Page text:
Instructional design is the process of applying our understanding of how people learn to drive our decisions of instructional strategies and sequences to meet learning needs. It’s the method of drawing on adult learning theory and instructional design models and principles, to create learning programs that most effectively help learners achieve the learning outcomes.



The aim of instructional design is to make learning effective, engaging, efficient and cost-effective.

The three major components of instructional design are:
1. Learning objective
2. Instructional activities
3. Assessment

Curriculum design is ‘what’ learners will learn, whereas instructional design is ‘how’ that will learn it. In other words, curriculum design refers to the knowledge and skills – the learning outcomes, while instructional design refers to the learning methods and experiences.

Exceptional Instructional Designers are learner-focused, creative and have excellent communication skills. They keep project on track, meet deadlines and maintain high quality standards. Instructional Designers are eager learners and constantly explore innovative and evidence-based strategies to improve their practice.

Become an Instructional Designer

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Embrace the freedom of working remotely or as a digital nomad.

Join a thriving industry, where your new skills are in demand! 21.7% projected job growth in 5 years (Seek, 2023)

Constantly expand your knowledge and skills in a dynamic role.

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Make a meaningful impact by helping others to learn and grow.

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Say goodbye to monotony - every project requires curiosity and new thinking.

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Channel your creativity and problem-solving abilities into designing effective learning experiences.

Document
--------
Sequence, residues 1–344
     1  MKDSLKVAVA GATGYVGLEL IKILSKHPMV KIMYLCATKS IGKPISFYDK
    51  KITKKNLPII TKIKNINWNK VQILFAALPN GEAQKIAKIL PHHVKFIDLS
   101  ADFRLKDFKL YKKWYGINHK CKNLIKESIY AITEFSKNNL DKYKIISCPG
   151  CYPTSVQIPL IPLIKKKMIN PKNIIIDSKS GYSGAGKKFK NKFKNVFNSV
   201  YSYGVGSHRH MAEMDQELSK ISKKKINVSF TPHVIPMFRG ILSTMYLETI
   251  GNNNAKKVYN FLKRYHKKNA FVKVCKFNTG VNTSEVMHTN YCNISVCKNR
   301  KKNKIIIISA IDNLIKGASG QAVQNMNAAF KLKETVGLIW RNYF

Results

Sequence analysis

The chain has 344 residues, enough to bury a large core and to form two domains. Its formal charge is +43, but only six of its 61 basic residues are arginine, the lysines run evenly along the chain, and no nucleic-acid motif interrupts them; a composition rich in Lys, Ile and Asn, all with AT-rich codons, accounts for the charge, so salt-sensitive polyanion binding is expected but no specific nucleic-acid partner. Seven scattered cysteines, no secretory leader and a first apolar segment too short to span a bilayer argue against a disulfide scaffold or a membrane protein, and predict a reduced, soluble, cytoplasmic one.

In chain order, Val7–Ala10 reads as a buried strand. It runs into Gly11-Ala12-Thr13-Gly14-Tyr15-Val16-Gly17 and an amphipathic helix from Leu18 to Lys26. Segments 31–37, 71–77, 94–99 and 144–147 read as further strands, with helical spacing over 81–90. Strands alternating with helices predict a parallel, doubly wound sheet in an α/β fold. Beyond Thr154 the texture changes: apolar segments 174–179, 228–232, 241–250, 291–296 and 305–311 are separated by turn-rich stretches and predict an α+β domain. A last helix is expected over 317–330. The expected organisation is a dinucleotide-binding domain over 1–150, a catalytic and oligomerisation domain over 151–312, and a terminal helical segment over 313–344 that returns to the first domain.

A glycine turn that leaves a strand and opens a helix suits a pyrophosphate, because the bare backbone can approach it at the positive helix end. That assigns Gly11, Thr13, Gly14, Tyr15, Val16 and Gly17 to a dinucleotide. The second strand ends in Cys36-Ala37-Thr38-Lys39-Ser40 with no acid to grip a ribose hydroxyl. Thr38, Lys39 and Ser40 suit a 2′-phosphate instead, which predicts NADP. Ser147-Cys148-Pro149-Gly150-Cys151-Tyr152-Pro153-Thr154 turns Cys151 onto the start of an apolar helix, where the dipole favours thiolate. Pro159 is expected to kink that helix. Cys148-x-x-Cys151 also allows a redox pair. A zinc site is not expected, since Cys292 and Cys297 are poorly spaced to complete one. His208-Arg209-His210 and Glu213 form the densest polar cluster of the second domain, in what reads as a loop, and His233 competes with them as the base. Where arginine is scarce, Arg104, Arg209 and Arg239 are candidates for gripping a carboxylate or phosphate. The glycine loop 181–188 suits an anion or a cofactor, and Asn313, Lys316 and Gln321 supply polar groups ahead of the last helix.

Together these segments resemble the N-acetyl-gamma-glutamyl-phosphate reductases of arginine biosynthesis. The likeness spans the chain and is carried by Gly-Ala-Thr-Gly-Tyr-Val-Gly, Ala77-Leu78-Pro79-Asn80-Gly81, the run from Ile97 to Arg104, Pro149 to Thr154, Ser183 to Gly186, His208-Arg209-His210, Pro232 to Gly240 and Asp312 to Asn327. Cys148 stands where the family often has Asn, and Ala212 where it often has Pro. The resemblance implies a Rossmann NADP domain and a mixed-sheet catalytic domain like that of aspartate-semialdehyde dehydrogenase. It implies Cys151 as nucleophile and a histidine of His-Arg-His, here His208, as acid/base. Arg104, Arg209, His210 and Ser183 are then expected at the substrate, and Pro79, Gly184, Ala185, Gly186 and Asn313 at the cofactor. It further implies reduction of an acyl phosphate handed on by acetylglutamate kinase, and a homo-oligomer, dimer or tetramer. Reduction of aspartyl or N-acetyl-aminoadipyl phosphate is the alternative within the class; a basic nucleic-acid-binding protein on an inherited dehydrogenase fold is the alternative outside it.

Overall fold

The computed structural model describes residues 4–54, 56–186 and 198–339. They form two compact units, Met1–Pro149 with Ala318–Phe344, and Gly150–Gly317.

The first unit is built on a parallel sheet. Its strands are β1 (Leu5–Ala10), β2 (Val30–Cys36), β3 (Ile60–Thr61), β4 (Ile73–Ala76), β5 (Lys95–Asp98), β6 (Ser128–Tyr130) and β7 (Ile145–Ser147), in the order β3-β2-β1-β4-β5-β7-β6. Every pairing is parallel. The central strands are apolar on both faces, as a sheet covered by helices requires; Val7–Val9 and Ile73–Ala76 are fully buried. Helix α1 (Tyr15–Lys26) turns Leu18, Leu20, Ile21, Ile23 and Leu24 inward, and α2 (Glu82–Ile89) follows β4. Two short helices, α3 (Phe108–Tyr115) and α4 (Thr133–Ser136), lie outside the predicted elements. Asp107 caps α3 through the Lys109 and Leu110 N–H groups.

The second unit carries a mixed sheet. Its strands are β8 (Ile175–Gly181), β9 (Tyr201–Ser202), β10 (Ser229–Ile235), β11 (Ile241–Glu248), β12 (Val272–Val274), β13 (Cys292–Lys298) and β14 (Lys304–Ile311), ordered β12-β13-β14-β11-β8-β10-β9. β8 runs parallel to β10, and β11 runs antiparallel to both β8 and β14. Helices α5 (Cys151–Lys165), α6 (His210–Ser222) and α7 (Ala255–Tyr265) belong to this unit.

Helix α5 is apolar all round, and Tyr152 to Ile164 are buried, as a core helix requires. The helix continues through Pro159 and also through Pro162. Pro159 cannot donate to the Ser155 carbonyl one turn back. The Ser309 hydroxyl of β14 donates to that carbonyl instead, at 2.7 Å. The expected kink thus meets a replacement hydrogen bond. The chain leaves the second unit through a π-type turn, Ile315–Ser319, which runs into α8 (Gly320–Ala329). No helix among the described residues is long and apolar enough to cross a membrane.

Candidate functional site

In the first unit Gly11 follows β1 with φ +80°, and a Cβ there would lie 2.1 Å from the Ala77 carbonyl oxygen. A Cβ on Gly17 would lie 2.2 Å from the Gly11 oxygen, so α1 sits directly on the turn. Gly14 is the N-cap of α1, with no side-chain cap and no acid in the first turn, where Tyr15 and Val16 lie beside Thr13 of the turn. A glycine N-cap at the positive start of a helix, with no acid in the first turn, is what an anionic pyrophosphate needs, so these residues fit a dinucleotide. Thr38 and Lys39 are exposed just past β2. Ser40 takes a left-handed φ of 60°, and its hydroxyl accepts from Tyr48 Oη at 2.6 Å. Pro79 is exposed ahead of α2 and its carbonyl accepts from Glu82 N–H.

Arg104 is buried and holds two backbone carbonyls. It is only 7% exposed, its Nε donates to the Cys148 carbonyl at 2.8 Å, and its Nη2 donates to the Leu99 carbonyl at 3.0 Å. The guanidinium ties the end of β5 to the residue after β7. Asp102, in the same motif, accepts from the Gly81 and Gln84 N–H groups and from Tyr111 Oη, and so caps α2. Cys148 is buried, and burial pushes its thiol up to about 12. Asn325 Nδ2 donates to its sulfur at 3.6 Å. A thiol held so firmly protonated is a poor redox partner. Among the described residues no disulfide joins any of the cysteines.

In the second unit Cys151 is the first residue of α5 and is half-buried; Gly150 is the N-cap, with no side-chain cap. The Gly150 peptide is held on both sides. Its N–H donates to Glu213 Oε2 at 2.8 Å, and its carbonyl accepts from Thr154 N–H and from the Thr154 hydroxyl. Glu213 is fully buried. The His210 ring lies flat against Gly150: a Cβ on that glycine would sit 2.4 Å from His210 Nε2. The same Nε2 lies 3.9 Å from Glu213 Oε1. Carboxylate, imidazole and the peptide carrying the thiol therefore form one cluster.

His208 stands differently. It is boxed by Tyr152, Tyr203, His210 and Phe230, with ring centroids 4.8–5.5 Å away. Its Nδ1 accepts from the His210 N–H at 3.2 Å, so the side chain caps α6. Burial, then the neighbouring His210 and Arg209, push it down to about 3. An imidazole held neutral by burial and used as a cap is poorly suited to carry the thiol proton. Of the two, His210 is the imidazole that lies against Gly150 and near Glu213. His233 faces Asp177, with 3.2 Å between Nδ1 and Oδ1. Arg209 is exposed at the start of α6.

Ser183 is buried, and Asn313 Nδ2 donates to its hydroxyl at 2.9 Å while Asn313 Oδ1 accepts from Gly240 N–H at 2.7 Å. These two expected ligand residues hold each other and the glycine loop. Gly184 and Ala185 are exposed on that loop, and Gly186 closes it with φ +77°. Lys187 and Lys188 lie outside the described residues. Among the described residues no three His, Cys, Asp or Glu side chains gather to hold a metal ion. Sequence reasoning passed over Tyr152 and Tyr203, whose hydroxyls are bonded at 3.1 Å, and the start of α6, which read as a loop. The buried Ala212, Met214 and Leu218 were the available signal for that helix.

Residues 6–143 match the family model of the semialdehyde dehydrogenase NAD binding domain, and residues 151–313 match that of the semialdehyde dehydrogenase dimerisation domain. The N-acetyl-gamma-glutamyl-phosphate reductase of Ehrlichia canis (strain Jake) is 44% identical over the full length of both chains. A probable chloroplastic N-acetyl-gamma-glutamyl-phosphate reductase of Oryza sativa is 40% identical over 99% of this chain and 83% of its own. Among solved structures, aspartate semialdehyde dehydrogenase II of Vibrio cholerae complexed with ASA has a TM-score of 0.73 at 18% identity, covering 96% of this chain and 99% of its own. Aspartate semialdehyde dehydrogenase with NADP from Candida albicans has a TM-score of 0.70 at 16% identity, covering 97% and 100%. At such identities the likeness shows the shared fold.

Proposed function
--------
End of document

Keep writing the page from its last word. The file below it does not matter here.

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Explore the versatility of freelancing or collaborating in a team.

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Enjoy flexible hours that fit your lifestyle.

Learning Materials IDA Create

Case studies

In-depth investigations of a single person, group, event, or community used to apply concepts, foster critical thinking and bridge the gap between theory and real-world application.

Powerpoint presentations

Slideshows using visuals to support facilitated sessions.

Embedding activity resources

Materials like flashcards, simulations, reflection questions, discussion questions and activities crafted to reinforce and cement concepts post-training.

Curriculum maps

Visual representations of course structures, mapping content and assessment tasks to learning outcomes.


Live, web-based video sessions focusing on specific topics.

Role-playing activities

Interactive acting exercises mimicking real-world situations.

Quizzes and assessments

Tests to gauge understanding and retention against learning outcomes.

Quick reference guides (QRG)

Compact sheets or cards highlighting essential tips, such as software shortcuts or procedure reminders.

Peer pod activities

Small group exercises where learners collaborate, share insights and learn from each other's experiences.

Learning pathways

Structured routes guiding learners through a sequence of content.

Learning architectures

Visual representation of the overall structure and design of the end-to-end learning program, including learning outcomes, delivery methods and assessment tools.

Learner workbooks

Printed or digital materials with modules, exercises, activities and case studies to guide learners through content.